Back in 2004 I was living in Southwest Missouri and suddenly had the opportunity to move to California. My brother was in the Bay Area, still single, and we decided that when I did move we would be roommates. I packed most of my Missouri life in a storage unit and the rest into my car: clothes, cat, notebooks, and books (but just a few because this was a 1998 Chevy Lumina, not a bookmobile). The books were the following:
- AAA state guides for Oklahoma, Texas, New Mexico, Arizona, Nevada, Utah, and California (this was before smartphones as we know them now, after all);
- Dutch: A Memoir of Ronald Reagan by Edmund Morris (he had just died that May);
- On the Road by Jack Kerouac;
- Dreams From My Father by Barack Obama.
I had no clue how to pronounce the last author’s name at that time, but that’s the book I read first at each hotel on the way west. I would turn the cat out of her carrier, set up her self-care station, go fetch ice and maybe dinner, review the next night’s plan for a hotel from a guidebook, and then crack open Dreams From My Father while I ate in the hotel room. I have had the gift all of my life of finding books that needed to be present for a reason, just when I picked them, and for some reason the narrative of a guy with such a jacked-up name running for Senate in a midwestern state like Illinois spoke to me. The premise only got me started, however, because what kept me reading was that a) the book told a compelling story that didn’t sound like a political resume. It was well-written. I hoped this guy would write again.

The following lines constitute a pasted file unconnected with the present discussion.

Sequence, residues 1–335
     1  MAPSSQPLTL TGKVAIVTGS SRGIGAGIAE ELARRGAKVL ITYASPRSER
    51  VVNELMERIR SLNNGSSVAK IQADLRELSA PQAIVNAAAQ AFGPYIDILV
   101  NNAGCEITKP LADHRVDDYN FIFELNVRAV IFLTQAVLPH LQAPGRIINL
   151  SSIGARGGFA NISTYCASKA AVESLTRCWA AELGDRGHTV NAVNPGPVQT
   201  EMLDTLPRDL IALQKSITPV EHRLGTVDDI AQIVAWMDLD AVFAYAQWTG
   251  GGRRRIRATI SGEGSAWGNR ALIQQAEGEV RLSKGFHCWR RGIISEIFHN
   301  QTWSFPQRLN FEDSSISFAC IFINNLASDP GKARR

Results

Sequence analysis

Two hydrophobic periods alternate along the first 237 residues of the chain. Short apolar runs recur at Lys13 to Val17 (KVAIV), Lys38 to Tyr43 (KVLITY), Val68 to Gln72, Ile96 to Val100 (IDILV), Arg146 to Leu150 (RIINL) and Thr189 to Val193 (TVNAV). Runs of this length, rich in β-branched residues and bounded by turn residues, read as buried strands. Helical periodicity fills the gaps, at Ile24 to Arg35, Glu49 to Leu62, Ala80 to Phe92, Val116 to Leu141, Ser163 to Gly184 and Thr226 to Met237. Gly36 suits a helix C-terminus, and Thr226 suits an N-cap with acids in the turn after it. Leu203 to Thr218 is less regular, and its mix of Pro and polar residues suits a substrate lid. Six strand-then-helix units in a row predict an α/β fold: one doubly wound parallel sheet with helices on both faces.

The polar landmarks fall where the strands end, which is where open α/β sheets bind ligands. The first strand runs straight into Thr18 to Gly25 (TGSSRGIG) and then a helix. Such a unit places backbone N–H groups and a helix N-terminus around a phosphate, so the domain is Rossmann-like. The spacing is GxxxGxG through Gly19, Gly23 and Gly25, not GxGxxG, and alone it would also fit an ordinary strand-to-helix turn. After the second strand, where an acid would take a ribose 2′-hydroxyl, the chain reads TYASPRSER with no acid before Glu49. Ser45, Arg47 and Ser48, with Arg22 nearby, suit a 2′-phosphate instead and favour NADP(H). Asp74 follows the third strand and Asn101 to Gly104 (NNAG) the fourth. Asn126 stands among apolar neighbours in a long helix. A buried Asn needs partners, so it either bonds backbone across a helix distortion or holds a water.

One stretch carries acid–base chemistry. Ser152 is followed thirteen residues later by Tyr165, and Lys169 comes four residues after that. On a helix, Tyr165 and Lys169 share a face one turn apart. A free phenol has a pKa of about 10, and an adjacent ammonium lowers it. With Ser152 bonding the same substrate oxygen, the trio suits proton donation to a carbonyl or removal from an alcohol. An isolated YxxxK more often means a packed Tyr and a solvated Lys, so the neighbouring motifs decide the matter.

Flash forward to later in that month, Sunnyvale, California. My brother and I have a few weeks left in his old apartment before we move into a bigger place across the pool with two bedrooms. I’m sleeping in the living room on my futon for the time being, still looking for a job, and one late afternoon, waiting for my brother to come home to see what he wants to do about dinner, I’m bored and I turn on the Democratic National Convention. I’m not crazy about John Kerry, but I certainly didn’t want Bush the first time, so I’m just kind of listening, kind of not, when a speaker is introduced with a name that sounds familiar, and which I finally know how to pronounce, now. He strides to the mic, and he starts speaking, and it turns out he can speak as well as he could write. The voice is the same on paper and on camera. I’d been watching political stuff for years (history minor in college), but this guy was political to everyone else but me. To me, superficial woman with a preference for poets first, I fell in love with Barack Obama because he could write. That sealed it.
And then some pundit chimed in as Obama left the podium, mentioning something about someday that guy should run for President. I thought that might be too good to be true (with a name like THAT? And he’s a WRITER…), but it was nice to chew on that for a minute, dream on that for a minute.